The Taliban earlier this week reiterated its request to be handed the country’s U.N. seat.

“The current government has sovereignty and writ all over the country and has support of the people, reflecting their aspirations,” said Taliban spokesman Suhail Shaheen.

“We have all the conditions needed for occupying the seat of Afghanistan at U.N. We hope, legal requirements will supersede political preferences,” he added. The Taliban last September named Shaheen as the “Islamic Emirate of Afghanistan’s permanent representative to the U.N.”

No government has yet formally recognized the regime although Pakistan, the fundamentalist group’s longstanding sponsor, has been leading efforts to encourage the move. Should the credentials committee decide in favor of the regime’s application for the seat, bilateral diplomatic recognition will likely follow.

The credential committee this year comprises the United States, China, Russia, Bahamas, Bhutan, Chile, Namibia, Sierra Leone, and Sweden.

In considering the Afghanistan case, they will be faced with a precedent, given the fact the Taliban once before asserted the right to be regarded as the country’s legitimate government.

After the group seized control of most of Afghanistan in 1996, the credentials committee repeatedly deferred a decision on U.N. representation, so by default the seat continued to be held by the previous government – even though it could claim control of roughly only a quarter of the country.

In the end the issue became moot, as U.S.-led forces toppled the Taliban regime in late 2001.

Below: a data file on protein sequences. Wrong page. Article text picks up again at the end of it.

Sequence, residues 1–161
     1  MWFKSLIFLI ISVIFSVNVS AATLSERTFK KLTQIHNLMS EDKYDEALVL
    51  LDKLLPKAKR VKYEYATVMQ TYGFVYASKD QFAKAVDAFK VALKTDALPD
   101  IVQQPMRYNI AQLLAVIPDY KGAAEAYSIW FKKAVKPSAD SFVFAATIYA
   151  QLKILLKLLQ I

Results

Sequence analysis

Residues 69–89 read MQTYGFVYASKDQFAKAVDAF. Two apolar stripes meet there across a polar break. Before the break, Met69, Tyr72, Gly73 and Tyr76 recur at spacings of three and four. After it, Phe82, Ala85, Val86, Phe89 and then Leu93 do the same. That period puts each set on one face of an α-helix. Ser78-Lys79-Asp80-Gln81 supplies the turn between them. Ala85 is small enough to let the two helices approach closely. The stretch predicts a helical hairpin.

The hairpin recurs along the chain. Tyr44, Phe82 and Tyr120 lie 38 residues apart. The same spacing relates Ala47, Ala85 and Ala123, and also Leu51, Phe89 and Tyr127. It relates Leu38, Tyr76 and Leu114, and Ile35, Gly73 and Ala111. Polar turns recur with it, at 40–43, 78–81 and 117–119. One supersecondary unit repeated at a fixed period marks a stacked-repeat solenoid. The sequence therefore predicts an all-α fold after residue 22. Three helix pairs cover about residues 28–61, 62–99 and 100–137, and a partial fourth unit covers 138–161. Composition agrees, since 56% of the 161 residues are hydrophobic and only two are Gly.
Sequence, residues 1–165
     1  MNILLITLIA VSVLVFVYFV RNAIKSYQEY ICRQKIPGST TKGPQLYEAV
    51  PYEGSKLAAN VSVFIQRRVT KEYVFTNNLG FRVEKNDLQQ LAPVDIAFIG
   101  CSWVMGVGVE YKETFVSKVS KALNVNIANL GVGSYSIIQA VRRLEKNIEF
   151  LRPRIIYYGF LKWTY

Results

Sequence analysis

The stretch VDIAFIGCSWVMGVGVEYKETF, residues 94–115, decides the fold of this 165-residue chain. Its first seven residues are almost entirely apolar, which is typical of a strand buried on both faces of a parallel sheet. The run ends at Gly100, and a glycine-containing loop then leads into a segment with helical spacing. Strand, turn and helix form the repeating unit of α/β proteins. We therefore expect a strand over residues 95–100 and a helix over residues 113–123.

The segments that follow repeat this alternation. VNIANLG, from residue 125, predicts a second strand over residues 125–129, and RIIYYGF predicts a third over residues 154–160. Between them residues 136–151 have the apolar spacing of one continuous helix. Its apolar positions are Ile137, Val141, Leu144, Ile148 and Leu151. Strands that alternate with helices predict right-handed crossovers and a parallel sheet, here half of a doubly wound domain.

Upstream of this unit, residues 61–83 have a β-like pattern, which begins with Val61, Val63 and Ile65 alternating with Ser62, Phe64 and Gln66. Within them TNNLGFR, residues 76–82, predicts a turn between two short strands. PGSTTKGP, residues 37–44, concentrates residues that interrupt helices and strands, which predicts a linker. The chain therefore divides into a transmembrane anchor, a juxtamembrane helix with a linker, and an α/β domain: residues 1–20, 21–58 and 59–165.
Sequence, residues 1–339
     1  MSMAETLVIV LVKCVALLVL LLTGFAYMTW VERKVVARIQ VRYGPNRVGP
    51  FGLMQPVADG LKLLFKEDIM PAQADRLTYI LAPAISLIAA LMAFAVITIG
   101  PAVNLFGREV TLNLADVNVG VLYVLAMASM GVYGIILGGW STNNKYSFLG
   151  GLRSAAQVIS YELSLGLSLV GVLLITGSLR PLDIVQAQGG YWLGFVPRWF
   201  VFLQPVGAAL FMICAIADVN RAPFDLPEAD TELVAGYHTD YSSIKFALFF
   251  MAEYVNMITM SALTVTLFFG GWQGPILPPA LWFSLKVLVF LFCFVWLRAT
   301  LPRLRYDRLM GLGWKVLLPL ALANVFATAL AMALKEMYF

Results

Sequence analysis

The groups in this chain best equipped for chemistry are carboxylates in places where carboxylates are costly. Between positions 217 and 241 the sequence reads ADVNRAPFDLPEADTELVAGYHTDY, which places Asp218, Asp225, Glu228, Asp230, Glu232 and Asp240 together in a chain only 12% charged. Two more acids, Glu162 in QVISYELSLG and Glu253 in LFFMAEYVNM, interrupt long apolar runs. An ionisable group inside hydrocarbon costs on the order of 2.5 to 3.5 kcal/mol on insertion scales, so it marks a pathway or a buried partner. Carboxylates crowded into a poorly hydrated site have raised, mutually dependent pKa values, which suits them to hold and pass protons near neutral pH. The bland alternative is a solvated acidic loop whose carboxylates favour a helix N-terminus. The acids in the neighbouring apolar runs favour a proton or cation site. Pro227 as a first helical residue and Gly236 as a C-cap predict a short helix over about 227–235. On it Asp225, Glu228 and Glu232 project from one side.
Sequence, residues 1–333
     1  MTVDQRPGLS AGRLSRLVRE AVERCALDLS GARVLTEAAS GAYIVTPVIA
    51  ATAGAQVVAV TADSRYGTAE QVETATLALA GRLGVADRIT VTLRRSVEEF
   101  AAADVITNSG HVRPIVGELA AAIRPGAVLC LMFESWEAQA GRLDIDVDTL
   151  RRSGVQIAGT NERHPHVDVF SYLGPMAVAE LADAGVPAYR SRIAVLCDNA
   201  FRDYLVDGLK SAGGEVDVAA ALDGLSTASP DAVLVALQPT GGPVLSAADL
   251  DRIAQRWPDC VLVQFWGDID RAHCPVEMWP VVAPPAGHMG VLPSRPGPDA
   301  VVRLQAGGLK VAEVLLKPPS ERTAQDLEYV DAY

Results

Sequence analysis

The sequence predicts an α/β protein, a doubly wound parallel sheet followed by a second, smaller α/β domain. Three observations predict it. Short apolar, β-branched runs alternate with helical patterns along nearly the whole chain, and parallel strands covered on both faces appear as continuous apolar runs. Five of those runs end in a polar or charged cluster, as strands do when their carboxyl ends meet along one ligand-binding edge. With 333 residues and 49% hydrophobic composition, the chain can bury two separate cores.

This time, the Taliban is claiming to control virtually all of the country.

On the other hand, more than a dozen members of the Taliban’s “interim” cabinet – including the prime minister, his two deputies, and the foreign minister – are U.N. Security Council-sanctioned terrorists, subject to a travel ban and assets freeze.

In their letter to Guterres, Graham and Waltz said the U.N. “must resist the ease of short term thinking and consider the ramifications of seating a brutal regime that has within its ranks members of designated foreign terrorist organizations.”

In September, three out of five GOP senators threw their support behind legislation introduced by Senate Foreign Relations Committee ranking member Sen. Jim Risch (R-Idaho), designed to block Taliban efforts to win international recognition.

The Risch bill calls on the U.S. ambassador to the U.N. to use the “voice, vote, and influence of the United States” to object to the issuing of U.N. credentials to any member of the Taliban, and “to ensure that no member of the Taliban may serve in a leadership position in any United Nations body, fund, program, or specialized agency.”

As reported earlier, if Afghanistan’s seat at the U.N. is given to the Taliban the regime will also assume a leadership position in other agencies, including the Commission on Status of Women (CSW), the U.N.’s gender equality and women’s empowerment body.